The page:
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Sir Philip Sidney references
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July-August, 2002

Sir Philip Sidney references

Jelle Otten

Sir Philip Sidney (1554-1586) was a statesman, poet and soldier. He was one of Queen Elisabeth's favourites.
For a while he lived at Sudeleigh Castle, one of the castles that Wodehouse inspired to Blandings Castle.
When living in temporary retirement he composed his famous 'Arcadia'.
In 1586 he was given a command in The Netherlands to support the Dutch rebels in their War of Independence against Spain.
He was wounded in action at Zutphen resulted in death.
According a legend Sir Philip refused to take some water when he was wounden, saying: "Their (= the other soldiers') need is greater than mine".

P.G. Wodehouse liked Sir Philip Sidney and he used him as a personage in some of his books.

First of all Bertie Wooster.
His Code of the Woosters: 'one must always help out a friend in need no matter the circumstances', repeatedly remembers us of Sir Philip.

Jeeves and the Feudal Spirit, Chapter 12:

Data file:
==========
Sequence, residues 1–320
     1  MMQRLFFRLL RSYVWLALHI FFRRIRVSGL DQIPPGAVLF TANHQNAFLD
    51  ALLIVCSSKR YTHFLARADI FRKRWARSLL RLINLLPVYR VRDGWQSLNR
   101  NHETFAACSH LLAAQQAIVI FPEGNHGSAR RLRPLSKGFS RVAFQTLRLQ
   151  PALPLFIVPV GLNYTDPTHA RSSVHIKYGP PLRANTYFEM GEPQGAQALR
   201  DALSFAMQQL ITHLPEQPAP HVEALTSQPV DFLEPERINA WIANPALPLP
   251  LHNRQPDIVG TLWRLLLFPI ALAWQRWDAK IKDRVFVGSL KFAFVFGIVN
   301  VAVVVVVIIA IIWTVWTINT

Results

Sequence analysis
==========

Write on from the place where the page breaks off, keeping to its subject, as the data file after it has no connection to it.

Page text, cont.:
[Aunt Dahlia is in problems because she had pawned her pearl necklace that Uncle Tom Travers, her husband, has given her. The problem is what happens when Uncle Tom finds out? And Uncle Tom has asked Roderick Spode, Lord Sidcup to take a look at the necklace.
Therefore Aunt Dahlia is sending SOSs for Jeeves.]

(Aunt Dahlia says:) "Only he (=Jeeves) can save me from the fate that is worse than death."
(Bertie says:) "But can even Jeeves adjust matters?"
"I'm banking on him. After all, he's a hell of a adjuster."
"True."
"He's got you out of some deepish holes in his time."
"Quite. I often say there is none like him, none. He should be with us at any moment now. He stepped out to get me a tankard of the old familiar juice."
Her eyes gleamed with a strange light.
"Bags I first go at it!"
I patted her hand.
"Of course," I said, "of course. You may take that as read. You don't find Bertram Wooster hogging the drink supply when a suffering aunt is at his side with her tongue hanging out. Your need is greater than mine, as whoever-it-was said to the stratcher case. Ah!"